If you took the weekend off from baseball to enjoy the beautiful spring weather (or for any other reason), you can rest assured that the Angels’ closer situation remains as confusing as ever.
Based on recent usage patterns, it looks like Jim Johnson may be the Angels’ closer, or at the very least, at the head of their closer committee. When the Angels grabbed a 7-6 lead in the top of the 10th inning in Saturday’s game against the Mariners, Johnson was brought in for the save. Perhaps even more to the point, Mike Scioscia had already used Cam Bedrosian in the sixth inning and Justin Anderson in the eighth inning — both in situations where the Angels held a two-run lead — so it appeared the manager was saving Johnson for the save. The night before, Scioscia had Anderson set up for an apparent save, having him get the final out of the seventh inning and all three outs in the eighth inning. Even though the Angels expanded their lead to five runs in the ninth inning, Johnson came in to pitch a scoreless bottom of the frame.
We would have the makings for a clear-cut late-inning pecking order, if not for the fact that both Johnson and Anderson blew their save opportunities on Saturday. Anderson did not retire any of the three batters he faced, and in yielding a three-run homer to Mike Zunino, he left the game with a 5-4 deficit. The Angels rallied, giving Johnson his chance at a save in the 10th inning, but he gave away a one-run lead (albeit on an unearned run), and then in the 11th inning, he gave away another one-run lead. Kyle Seager, who knocked in the tying run, ultimately scored after Johnson was pulled from the game, saddling him with the loss.
Will Scioscia go to Johnson again when there is a save situation? Johnson’s performance on Saturday may give him pause to do so, but then again, Anderson didn’t do the job either. Was Scioscia’s use of Bedrosian in the ninth inning of Sunday’s series finale a sign that it’s his turn? Not only did Bedrosian have a six-run lead to work with, but he walked three batters and was pulled after one-third of an inning. We will simply have to wait and see what Scioscia does the next time the Angels have a modest lead to protect in the late innings.
With Bud Norris developing a sore right triceps, the Cardinals’ situation is in disarray again, at least for now. As Greg Jewett noted in Sunday’s Bullpen Report, Norris is expected to miss only a few days, so I have left the Cardinals’ portion of the closer grid as is, with Norris at the helm. For what it’s worth, the Cardinals were locked in a 2-2 tie for the final three innings of regulation in Sunday night’s game against the Cubs, and Mike Matheny called on Tyler Lyons, Jordan Hicks and Greg Holland — in that order — to keep the visitors off the scoreboard.
Hector Neris‘ lack of control cost him a save on Sunday against the Nationals, as he followed up Matt Wieters‘ leadoff single by hitting Howie Kendrick and then issuing back-to-back walks. Then Wilmer Difo finished him off with a walk-off single. On the surface, this performance looks like an aberration. In his previous 12 appearances, Neris allowed one run over 12.1 innings and converted six of seven save opportunities. The glass-half-empty crowd will love these tidbits, though. Over that same stretch, Neris walked six batters, got strikes on only 59.9 percent of his pitches and, over the course of the season, he has located his pitches in the strike zone at a meager 37.6 percent rate.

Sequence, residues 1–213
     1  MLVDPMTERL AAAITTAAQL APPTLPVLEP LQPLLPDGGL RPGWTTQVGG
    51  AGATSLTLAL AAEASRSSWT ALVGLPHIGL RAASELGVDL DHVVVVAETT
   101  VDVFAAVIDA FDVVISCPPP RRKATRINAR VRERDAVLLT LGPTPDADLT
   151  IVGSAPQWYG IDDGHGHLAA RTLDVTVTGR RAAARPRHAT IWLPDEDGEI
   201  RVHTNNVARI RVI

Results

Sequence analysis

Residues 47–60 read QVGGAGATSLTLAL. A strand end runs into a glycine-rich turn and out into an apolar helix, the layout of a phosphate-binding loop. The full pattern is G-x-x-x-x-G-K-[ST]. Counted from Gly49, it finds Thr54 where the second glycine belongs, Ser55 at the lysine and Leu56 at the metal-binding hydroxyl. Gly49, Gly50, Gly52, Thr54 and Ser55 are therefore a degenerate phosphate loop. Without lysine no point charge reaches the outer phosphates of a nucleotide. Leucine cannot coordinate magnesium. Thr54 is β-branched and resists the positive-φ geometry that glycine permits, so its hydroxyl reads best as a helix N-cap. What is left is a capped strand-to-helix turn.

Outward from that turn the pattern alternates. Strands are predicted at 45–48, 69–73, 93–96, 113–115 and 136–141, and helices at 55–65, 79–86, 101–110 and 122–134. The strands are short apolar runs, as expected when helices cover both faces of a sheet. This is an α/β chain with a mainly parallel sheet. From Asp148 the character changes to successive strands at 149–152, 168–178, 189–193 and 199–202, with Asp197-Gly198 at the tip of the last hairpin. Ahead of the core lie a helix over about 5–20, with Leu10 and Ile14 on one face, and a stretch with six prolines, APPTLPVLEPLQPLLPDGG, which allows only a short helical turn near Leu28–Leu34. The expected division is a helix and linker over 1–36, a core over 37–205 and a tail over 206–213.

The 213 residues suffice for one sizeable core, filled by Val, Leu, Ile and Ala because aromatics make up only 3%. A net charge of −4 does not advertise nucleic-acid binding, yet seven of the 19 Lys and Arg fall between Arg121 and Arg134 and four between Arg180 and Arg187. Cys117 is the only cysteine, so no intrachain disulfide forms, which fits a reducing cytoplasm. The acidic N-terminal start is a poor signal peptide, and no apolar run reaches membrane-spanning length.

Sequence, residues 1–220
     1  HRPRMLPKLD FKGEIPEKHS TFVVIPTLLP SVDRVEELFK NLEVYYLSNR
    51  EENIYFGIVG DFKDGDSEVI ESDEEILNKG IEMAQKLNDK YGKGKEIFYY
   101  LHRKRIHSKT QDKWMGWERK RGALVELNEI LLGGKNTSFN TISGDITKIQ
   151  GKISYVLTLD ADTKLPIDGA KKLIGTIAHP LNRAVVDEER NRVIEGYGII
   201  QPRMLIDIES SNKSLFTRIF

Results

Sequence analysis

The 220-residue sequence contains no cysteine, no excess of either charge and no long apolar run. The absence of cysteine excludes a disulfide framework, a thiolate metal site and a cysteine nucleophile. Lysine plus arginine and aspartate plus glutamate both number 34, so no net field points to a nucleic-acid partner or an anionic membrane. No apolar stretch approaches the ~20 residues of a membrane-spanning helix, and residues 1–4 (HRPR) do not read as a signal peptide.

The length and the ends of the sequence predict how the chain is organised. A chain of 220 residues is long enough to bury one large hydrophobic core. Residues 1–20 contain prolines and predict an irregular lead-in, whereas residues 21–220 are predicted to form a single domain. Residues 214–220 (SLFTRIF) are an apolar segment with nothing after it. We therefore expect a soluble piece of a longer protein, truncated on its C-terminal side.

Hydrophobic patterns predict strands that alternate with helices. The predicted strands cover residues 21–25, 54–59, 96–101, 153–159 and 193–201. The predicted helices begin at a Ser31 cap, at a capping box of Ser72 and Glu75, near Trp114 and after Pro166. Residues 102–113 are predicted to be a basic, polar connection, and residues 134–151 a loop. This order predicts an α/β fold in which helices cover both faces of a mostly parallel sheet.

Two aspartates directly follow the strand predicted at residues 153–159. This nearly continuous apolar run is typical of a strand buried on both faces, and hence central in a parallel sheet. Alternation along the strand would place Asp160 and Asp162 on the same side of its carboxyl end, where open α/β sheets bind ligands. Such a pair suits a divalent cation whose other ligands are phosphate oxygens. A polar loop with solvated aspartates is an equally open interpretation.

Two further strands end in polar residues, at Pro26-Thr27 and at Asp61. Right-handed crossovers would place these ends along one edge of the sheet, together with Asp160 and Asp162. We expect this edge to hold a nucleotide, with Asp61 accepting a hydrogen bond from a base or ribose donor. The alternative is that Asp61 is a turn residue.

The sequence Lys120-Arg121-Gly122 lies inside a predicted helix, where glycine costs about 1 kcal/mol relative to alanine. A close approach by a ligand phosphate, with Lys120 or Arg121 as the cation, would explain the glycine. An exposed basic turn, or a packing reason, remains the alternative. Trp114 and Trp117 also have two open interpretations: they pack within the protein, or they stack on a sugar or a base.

Despite Neris’ control issues, it’s not as if Tommy Hunter or Luis Garcia is knocking on the door to become the Phillies’ new closer. Both were credited with an earned run in the eighth inning, helping Neris to fritter away a 4-1 lead.
Cody Allen blew his first save of the season on Sunday, allowing the Yankees to rally for a 7-4 win. It’s understandable that Terry Francona skipped the bridge between Mike Clevinger and his closer, handing Allen the ball for the last five outs, given the bullpen’s recent struggles. However, Allen floundered in the eighth inning and had to be pulled after allowing consecutive doubles to start the ninth. Over his last five appearances, Allen has allowed six runs on nine hits and six walks with only two strikeouts over four innings, while throwing 59.0 percent of his pitches for strikes. The Indians’ bullpen as a whole has been among the least effective in the majors since Andrew Miller went on the 10-day disabled list on April 26 with a left hamstring strain. Miller could return this Friday, but until then, it’s hard to conceive that Terry Francona would go with anyone other than Allen in a save situation, as long as his incumbent closer is available.
Quick hits: After a miserable start to the season, Alex Colome has been largely reliable over the past two-and-a-half weeks, but he took the loss on Sunday against the Blue Jays. Kevin Pillar scored what proved to be the winning run on a Colome wild pitch…After having pitched on Friday and Saturday, Wade Davis got a rest on Sunday against the Mets, and Adam Ottavino picked up his first save…For the second appearance in a row, Hunter Strickland allowed the opposition to score. On Sunday, he allowed the Braves to cut two runs off a 4-1 lead, but with the tying run on third base, Strickland got Ozzie Albies to pop up for the final out…Fernando Rodney and Addison Reed threw back-t0-back 1-2-3 innings in Sunday’s 5-3 win against the White Sox. That’s been a rare feat for the duo lately, so don’t sleep on Ryan Pressly (1.02 ERA, 24 strikeouts in 17.2 innings), who has been one of the most effective non-closers so far this season.
Al Melchior has been writing about Fantasy baseball and sim games since 2000, and his work has appeared at CBSSports.com, BaseballHQ, Ron Shandler's Baseball Forecaster and FanRagSports. He has also participated in Tout Wars' mixed auction league since 2013. You can follow Al on Twitter @almelchiorbb and find more of his work at almelchior.com.